HTTP compression can drastically improve FogBugz performance by reducing the amount of bandwidth consumed for each page load. Enabling HTTP compression is easy for both IIS and Apache, and you'll find that your FogBugz pages are reduced to approximately 10% of their original size. You will pay a slight penalty in increased server CPU load, but we think that the tradeoff makes HTTP compression a no-brainer.
Download the free tool available at http://sourceforge.net/projects/flatcompression (follow the links to download FlatCompression...you want to download FlatComp-R-1.20.226.dll.zip). FlatCompression's extended documentation is available, but you should only need to follow the simple steps below.
- Unzip FlatComp-R-1.20.226.dll and place it in C:\Windows\system32\inetsrv
- Go to Control Panel | Administrative Tools | Internet Information Services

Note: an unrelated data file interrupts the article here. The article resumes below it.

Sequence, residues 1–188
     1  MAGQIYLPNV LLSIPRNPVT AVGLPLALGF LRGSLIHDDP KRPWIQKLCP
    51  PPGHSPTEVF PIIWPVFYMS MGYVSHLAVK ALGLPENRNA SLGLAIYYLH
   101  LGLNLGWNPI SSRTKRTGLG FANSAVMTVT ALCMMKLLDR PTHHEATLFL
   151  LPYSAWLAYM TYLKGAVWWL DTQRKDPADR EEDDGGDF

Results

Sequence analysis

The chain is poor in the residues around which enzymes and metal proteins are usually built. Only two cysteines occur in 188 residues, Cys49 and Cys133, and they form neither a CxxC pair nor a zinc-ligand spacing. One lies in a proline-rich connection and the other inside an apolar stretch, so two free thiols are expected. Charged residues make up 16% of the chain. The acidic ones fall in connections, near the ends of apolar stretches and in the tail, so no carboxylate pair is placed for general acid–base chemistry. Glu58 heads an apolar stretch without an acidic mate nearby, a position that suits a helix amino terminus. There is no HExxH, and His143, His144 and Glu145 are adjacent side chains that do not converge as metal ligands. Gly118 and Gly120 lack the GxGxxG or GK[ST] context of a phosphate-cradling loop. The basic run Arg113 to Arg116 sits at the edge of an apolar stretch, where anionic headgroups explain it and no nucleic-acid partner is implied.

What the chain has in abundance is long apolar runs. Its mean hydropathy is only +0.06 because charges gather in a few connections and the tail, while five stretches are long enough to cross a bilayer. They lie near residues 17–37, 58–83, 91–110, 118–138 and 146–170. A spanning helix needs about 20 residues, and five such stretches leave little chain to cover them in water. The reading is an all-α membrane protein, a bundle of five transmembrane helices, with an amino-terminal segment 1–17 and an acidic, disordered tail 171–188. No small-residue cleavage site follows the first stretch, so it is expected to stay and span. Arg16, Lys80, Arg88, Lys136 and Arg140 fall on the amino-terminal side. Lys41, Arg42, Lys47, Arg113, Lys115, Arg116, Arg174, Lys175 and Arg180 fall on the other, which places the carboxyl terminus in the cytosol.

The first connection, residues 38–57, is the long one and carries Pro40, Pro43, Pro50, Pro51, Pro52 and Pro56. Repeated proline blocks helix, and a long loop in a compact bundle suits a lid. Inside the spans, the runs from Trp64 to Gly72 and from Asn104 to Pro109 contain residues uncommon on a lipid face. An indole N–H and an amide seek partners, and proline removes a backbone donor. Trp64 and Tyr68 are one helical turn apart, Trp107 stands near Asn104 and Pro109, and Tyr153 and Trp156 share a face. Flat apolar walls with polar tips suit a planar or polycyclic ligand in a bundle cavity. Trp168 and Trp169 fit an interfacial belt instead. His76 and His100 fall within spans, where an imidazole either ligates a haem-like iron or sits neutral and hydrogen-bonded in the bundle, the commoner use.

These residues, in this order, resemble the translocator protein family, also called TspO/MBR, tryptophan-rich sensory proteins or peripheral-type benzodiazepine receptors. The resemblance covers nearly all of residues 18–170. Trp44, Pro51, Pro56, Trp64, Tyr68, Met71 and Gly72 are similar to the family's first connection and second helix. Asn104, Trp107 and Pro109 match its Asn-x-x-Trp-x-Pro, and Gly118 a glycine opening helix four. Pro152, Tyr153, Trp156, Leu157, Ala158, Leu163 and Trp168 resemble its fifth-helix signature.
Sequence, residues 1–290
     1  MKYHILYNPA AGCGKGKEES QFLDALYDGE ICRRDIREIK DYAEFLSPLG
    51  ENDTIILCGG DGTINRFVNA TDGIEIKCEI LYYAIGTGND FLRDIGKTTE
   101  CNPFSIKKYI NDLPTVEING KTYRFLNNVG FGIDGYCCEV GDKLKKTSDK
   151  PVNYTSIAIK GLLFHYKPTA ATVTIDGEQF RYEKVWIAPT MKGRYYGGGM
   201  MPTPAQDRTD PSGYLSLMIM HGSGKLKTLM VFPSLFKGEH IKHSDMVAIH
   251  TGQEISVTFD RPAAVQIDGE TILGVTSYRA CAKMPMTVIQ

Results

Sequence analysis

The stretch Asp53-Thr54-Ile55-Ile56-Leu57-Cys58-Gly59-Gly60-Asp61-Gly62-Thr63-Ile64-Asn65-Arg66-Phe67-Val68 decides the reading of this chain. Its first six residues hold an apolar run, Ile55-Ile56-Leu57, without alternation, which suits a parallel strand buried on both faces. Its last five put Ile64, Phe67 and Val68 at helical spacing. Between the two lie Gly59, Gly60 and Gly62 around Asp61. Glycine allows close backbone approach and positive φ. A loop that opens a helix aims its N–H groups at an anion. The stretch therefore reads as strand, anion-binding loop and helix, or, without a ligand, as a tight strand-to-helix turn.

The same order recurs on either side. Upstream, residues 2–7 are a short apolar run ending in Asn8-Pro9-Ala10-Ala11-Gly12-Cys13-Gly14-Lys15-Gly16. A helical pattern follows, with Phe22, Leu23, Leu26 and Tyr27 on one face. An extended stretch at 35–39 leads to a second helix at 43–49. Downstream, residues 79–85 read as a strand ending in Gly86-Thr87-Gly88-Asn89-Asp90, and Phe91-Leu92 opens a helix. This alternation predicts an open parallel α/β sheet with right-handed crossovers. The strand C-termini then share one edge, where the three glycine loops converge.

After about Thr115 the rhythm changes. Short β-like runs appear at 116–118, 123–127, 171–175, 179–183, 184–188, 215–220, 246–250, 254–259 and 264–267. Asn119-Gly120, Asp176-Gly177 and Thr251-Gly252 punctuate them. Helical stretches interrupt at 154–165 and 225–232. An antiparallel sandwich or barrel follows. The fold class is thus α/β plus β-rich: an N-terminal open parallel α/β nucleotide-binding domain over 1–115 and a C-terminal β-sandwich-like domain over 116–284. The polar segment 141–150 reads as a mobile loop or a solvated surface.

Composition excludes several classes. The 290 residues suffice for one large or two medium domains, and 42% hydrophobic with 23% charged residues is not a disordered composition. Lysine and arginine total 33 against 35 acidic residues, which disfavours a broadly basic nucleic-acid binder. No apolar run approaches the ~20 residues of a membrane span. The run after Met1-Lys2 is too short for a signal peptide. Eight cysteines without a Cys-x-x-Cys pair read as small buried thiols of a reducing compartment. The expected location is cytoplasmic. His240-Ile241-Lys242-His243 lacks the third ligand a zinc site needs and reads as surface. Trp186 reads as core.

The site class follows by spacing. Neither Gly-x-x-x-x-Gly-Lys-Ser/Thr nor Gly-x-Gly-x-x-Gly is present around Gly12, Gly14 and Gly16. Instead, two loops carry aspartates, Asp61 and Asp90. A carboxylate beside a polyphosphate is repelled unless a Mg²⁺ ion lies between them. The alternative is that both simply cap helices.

- Expand "Local Computer", right-click on "Web Sites", and click Properties
- Click the "ISAPI Filters" tab, click Add, and enter "FlatCompression" as the filter name.
- Browse to C:\Windows\system32\inetsrv\FlatComp-R-1.20.226.dll for the executable.
- Click Ok, restart IIS.
IIS 6 ships w/ support for HTTP compression, but you need to take a couple configuration steps. Scott Forsyth's walkthrough is the best detailed explanation we've found. Follow his three simple sections (Enable Compression in IIS, Create a Web Service Extension, and Now for the metabase changes), and you should be all set.
If your PHP is built with zlib, then adding compression should be as simple as adding the following lines to your (your fogbugz install)/Accessories/fogbugz.conf, and restarting Apache:
php_flag zlib.output_compression On
php_value zlib.output_compression_level 1
There are a couple of caveats; for instance, this won't work with ob_gzhandler. For a fuller explanation, check out http://php.net/zlib. If you're not sure whether or not your PHP is built with zlib, you can create a test script as shown here: http://www.fogcreek.com/FogBugz/KB/trouble/fogutil.soProblems.html, and look in the "Configure Command" section.
That's it! Your compression should be up and running, and if you keep an eye on your network traffic you'll notice that individual requests consume significantly less bandwidth.